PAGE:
The standard Canadian mark breakdown looks like this:
A+: 90+
A: 85-89
A-: 80-84
B+: 75-79
B: 70-74 (average)
B-: 65-69 (average)
C: 55-64
D: 50-54
F: <50

With your example of someone getting a 93 in Canada, they would have an A+, almost definitely have the highest mark in the class, and have gotten a totally exceptional grade. That is truly a rare grade here. I think that what you should focus on is class-rank, not the nominal letter or percentage score. My Canadian alma mater includes course averages on the transcript, so it's clear that where I got- let's say- a 75 (B+), but the course average was 60 (not uncommon), it was actually a pretty decent grade. It's not easy to make exact comparisons and LSAC has its work cut out for it, but it's important to remember class averages and class rank when comparing international grades.

For one other data point- I spent some time studying in Australia, where the course averages are about 10% lower, again. There, it's rare to do better than 80%. I thought I had tanked when I got my grades back. It was only when I compared with my friends that I realized that what I thought were terrible grades were actually above average. Just goes to show that a number grade out of context is not worth a whole lot.

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dasani13
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Re: How to find out LSAC GPA?

Postby dasani13 » Mon Jun 06, 2011 8:16 pm

My post got boring again :(

Oooobviously no one knows the answer to the question regarding the discrepancy between the Canadian and US grading scale. Everyone's just guessing. Call LSAC and ask them directly-- it would have cost you significantly less time and effort and you would have received an accurate answer.

Nonetheless, I hope whichever response you get ends up benefiting you! Good luck.

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memphisbelle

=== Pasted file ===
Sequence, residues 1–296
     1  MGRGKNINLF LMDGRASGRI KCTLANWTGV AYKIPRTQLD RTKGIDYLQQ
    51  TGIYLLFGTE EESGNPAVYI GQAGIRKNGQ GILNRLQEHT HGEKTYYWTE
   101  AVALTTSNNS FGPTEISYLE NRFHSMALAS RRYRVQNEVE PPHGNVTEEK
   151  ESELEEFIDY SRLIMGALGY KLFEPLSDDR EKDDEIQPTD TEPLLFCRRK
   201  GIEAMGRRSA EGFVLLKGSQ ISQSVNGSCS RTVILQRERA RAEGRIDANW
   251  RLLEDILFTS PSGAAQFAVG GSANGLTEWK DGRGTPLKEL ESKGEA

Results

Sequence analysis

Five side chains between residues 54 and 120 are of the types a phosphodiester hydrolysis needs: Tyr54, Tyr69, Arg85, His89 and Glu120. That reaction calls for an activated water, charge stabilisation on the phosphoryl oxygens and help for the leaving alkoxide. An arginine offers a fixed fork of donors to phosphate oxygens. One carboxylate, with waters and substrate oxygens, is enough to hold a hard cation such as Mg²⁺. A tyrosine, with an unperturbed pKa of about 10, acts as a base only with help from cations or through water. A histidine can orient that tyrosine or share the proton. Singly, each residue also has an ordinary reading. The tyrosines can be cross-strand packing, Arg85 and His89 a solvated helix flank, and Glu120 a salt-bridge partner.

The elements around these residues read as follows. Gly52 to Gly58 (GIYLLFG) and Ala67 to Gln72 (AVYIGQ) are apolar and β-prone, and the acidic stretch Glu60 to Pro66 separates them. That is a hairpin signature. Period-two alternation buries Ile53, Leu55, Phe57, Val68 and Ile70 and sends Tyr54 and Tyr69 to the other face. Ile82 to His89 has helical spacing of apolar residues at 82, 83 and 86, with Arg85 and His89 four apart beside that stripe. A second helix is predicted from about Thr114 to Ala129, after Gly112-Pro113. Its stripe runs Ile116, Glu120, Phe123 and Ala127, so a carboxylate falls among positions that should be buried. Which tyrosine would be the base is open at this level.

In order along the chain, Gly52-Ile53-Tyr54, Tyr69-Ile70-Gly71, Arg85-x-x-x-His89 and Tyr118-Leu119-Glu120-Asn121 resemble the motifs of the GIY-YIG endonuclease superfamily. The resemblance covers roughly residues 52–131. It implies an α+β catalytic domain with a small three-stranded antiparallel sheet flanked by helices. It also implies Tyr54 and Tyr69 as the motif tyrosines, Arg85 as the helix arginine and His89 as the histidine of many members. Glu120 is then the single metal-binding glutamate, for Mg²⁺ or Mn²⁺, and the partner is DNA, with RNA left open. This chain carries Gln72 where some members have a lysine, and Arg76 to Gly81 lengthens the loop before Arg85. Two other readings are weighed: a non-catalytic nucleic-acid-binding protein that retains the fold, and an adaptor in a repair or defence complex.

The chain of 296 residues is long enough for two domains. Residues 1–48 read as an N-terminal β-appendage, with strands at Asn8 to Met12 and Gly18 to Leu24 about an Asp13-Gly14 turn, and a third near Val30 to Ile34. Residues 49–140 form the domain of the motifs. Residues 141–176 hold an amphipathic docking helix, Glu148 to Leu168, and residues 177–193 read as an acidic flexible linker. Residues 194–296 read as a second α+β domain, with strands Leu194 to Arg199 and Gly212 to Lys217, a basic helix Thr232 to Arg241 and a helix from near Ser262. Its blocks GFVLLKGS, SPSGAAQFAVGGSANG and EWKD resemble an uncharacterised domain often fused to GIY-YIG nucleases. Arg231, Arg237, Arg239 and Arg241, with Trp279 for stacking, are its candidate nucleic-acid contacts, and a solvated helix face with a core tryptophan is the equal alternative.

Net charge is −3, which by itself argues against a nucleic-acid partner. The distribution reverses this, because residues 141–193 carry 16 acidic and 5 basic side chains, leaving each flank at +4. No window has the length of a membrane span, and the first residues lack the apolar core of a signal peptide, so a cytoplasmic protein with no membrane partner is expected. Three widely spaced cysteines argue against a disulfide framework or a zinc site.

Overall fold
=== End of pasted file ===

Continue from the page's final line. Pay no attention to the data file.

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Re: How to find out LSAC GPA?

Postby memphisbelle » Tue Jun 07, 2011 7:53 am

Thanks, Binnie. That's what I am gathering from looking into this. I am still intrigued by the fact that Canadian law school admissions seem to be much more holistic than those in the US. We'll see, I guess. I have an email in to McGill on this, so I'll let you know what they say.

bella07
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Re: How to find out LSAC GPA?

Postby bella07 » Sat Jun 11, 2011 7:38 pm

on another note, what about schools that don't give grades? or schools that don't give grades for certain classes (arts usually)? or only give grades like a, b, c (no pluses and minuses)? is the gpa calculated to leave out courses for credit that are mandatory pass/fail (no grade)?

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KevinP
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Re: How to find out LSAC GPA?

Postby KevinP » Tue Jun 14, 2011 7:51 am

bella07 wrote:on another note, what about schools that don't give grades?

I'm not sure about this one, I didn't realize there are schools which don't give grades at all.

bella07 wrote:or schools that don't give grades for certain classes (arts usually)?

I'm assuming such a course would have some sort of a Pass/Fail status. A fail would be calculated as a 0.0 and a pass would not be included in the GPA calculation but they would be totaled and reported separately as unconverted credits.

bella07 wrote: or only give grades like a, b, c (no pluses and minuses)?

LSAC would only use the A = 4.0, B = 3.0, C = 2.0, D = 1.0, F = 0.0 conversion chart to convert the grades.

bella07 wrote: is the gpa calculated to leave out courses for credit that are mandatory pass/fail (no grade)?


Depends. If it a fail, they calculate that as a 0.0. A pass is left out.